BERLIN — Austrian authorities stopped a man at the Vienna airport as he tried to smuggle 74 protected chameleons from Africa into the country.
They said in a statement that a 56-year-old man, who was not further identified, had hidden the animals in socks and empty ice cream boxes when he was caught at customs control in Vienna. He had traveled to Austria from Tanzania via Ethiopia.
The chameleons were taken to the Austrian capital's Schoenbrunn Zoo, which said that three of the animals did not survive.
All the animals were from the Usambara Mountains in Tanzania and ranged in age from 1 week old to adult animals.
On the black market they would sell for for about 37,000 euros ($44,9700), officials said.
The man who smuggled the animals into Austria has to pay a fine of up to 6,000 euros, the Austrian finance ministry said in a statement.
More weird news:
Humvee recovered after being stolen from military facility
A Humvee, valued at $120,000, was recovered early Wednesday morning after it was stolen from a military facility on last week, according to officials.
The military vehicle was found in the southeast part of Los Angeles, according to a tweet from the FBI in Los Angeles. It was stolen from the National Guard Armory in Bell, California, around 8:15 a.m. local time Friday morning, according to the FBI.
The four-door, green camouflage Humvee has been upgraded and is considered a combat vehicle. The FBI released images of the vehicle on Friday, seeking the public's help in locating it.
A photo provided by the FBI on Wednesday shows the vehicle in the location where it was recovered this morning. It is unclear whether the Humvee sustained any damage.
The person or group responsible for the theft has not yet been determined and the investigation continues, the FBI said.
Theft from a military facility carries a statutory maximum sentence of 10 years in federal prison, the FBI said.
The FBI also thanked the California Army National Guard, California Highway Patrol and Los Angeles Police Department for their help in recovering the Humvee.
If 2021 already seems like too much, there's a hotline that urges people to call in and scream
Those exhausted by 2021 -- and well, all of 2020 -- can get some relief by calling a hotline and screaming. Yes, really.
Just Scream!, a hotline created by elementary school teacher Chris Gollmar, aims to reduce tension for those needing an outlet. All you have to do is call the hotline and scream for as loud as you want, and for as long as you want -- and then hang up.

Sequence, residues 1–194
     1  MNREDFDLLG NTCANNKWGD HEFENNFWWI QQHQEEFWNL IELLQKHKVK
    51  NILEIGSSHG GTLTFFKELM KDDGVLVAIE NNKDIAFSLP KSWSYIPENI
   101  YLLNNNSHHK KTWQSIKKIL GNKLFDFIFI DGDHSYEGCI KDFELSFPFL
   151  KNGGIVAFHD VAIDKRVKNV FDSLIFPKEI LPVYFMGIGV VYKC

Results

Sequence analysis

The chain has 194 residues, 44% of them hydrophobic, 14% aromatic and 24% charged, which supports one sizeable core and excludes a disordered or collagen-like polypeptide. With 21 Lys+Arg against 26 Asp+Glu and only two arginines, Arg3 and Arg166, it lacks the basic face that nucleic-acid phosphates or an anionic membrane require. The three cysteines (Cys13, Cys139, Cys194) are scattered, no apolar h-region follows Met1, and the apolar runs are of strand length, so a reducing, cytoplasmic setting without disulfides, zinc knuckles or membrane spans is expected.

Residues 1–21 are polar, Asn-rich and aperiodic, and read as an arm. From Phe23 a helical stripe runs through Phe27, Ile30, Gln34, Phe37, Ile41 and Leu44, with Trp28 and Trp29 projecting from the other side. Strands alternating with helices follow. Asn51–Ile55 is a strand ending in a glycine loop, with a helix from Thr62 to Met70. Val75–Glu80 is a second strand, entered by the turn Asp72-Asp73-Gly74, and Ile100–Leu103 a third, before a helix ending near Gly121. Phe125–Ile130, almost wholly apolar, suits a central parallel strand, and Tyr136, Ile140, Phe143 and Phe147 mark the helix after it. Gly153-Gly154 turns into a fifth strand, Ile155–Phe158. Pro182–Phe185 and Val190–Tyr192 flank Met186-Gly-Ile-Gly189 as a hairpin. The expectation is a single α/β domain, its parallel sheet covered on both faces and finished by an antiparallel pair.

"I wanted to find a prompt that people would respond to and screaming seemed to be a good fit!" Gollmar told CNN of his creative project, which he came up with in September 2020 and launched just before Election Day in November.
Gollmar, who said he's been an artist and coder since he was a kid, spends his free time working on participatory art projects that invite people to call a phone number and leave a voicemail for others to hear.
This time, he said he "thought it would be funny and unique to create a phone line just for screaming."
After people dial in, their calls are recorded and put on the website Gollmar created.
"Why should I call you?" the website asks."To scream! You might be unhappy, terrified, frustrated, or elated. All of these are perfectly good reasons to call and record yourself screaming."
Personal phone numbers are not stored, and all calls go to an answering machine -- so interacting with a real person isn't required.
According to the website, there is currently a backlog of over 40,000 screams waiting to upload.
"Wow! That's a lot of screaming!" the website states, noting if people can't hear their own scream that it may still be processing.
Gollmar said he's gotten 70,000 recordings since launching the hotline.
"Never in my life would I have expected so many people to actually pick up the phone, dial a number and record themselves for the world to hear," he said. "But we're all screaming on the inside right now, so I guess I should have figured."
The hotline will stop accepting calls on January 21. After that, Gollmar said he will pick a new project to work on.